Work / Home Life Balance for decorators

Updated Feb 16, 2024 | Posted Aug 2, 2021 | Professional insight, Life of a Decorator, Miscellaneous | 0 comments

If you’re not in the trade, I don’t think you’ll understand the amount of pressure a self-employed decorator can find himself under. It isn’t easy running a business, especially when you need to cover every role yourself.

Don’t get me wrong, as you book work in, you can make sure it’s spread out. However, you still need to keep up with quoting, customer care, admin, cleaning tools, organising materials. All this eats into your evenings and weekends. Then you have jobs that run over, or regular customers who “just need a feature wall doing”. Or “it’s just one room, can you fit us in”.

You forget what it’s all about sometimes. You just get so wrapped up in the work, that your work / home life balance is all to pot. Your family don’t see you; your mental and physical health suffers and so does your energy levels at work. You end up working stupid hours, but slowing down because you’re knackered, so you’re earning crap money anyway.

A good work / home life balance for decorators is vital. Not just for the people who depend on you, but for you too. Taking the odd day off to go fishing, or play golf, or even taking your kids to the park. You will not cope with life unless you take time for yourself. I know your business is important, but even that won’t last if you don’t.

As decorators, we suffer with ailments as we get older anyway. We’re bound to! It’s a physical job. That’s another reason to get your home / life balance in check. Can you imagine how knackered your body is going to be by retirement age if you don’t get your work/home life balance sorted now.

Anyway, you might just roll your eyes at me waffling on. I haven’t said anything you don’t know already. It’s something to think about though.

Work / Home Life Balance for Decorators – By Mike Cupit


Don’t Become Too Attached to Your Work


“If you are what you do, then when you don’t, you’re not “

Judge yourself on your effort more than your standards.

If your mind is anything like mine it will tell you that “you’re not good enough “

It will never be satisfied which turns into feeling inadequate and anxious spiralling into depression and lack of self-worth.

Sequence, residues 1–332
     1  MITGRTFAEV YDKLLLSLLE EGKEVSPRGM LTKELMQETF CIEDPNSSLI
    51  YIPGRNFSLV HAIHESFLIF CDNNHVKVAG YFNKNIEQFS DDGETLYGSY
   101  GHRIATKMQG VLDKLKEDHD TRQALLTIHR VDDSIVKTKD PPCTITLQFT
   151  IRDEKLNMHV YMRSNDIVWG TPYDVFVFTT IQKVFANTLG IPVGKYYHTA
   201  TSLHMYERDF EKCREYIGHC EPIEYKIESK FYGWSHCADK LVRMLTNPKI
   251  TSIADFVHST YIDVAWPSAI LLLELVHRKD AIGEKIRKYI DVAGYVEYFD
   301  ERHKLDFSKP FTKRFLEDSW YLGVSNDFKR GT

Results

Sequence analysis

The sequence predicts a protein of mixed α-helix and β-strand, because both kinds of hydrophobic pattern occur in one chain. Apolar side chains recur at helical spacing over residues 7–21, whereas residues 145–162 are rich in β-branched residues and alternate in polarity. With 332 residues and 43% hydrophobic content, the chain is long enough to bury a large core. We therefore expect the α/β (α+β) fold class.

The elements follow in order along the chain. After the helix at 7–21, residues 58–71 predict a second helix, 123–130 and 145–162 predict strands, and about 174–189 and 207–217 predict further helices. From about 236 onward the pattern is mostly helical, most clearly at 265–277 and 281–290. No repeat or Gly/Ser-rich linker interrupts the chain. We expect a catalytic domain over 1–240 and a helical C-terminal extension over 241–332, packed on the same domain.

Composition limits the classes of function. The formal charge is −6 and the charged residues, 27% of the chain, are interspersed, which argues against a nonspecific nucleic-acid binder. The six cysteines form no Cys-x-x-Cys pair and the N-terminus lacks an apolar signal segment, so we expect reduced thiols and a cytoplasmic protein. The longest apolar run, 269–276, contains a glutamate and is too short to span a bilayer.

The real you is more than just “a painter “

Don’t buy into it.

Pat yourself on the back and remind yourself that you are doing your bloody best!!!!

I speak from experience.

Day-to-day life is hard enough at times. A lot of people I know are also self-employed, which comes with its own toll. The trick is, to not to become too attached to your work. Whatever stresses you endure whilst making a living, leave it at work. Family comes first, and it is your family life that defines you.

If anyone is struggling, I have a Facebook group which may help. Feel free to join, you’ll be made to feel welcome.

Much compassion love to all my fellow painters.

Rick Bow Lusher ❤️


Noisserped (Depression at Work)


Have I got your attention?

I thought if I spelt the word correctly, many of you would ignore the article and turn to the next page. Why do I say this you ask? Because it’s a known fact that people who suffer from this have a problem admitting to it and don’t want to discuss the subject. It’s a health issue that affects more than one million Australians a year.

Still not sure what I’m talking about? Look at the word in a mirror. Yes, that’s right! I guess we all know someone that is, or has suffered from it. Maybe even yourself!


My first encounter

Over 35 years ago I was sitting next to my wife’s cousin at a wedding function. Great bloke with a wife and a few kids. A couple of years later his wife came home, opened up the garage door and found him hanging from the rafters. Since then I have personally known others that have taken their own lives. In fact, in the last few years I found out through Facebook, a couple of painters and decorators did exactly this. It’s so sad. The problem can be solved, or at least reduced, if:

1. You admit to yourself you have depression and talk to someone about it.

2. Be able to recognize the signs of depression in others and either give them support, or advise them who they should see.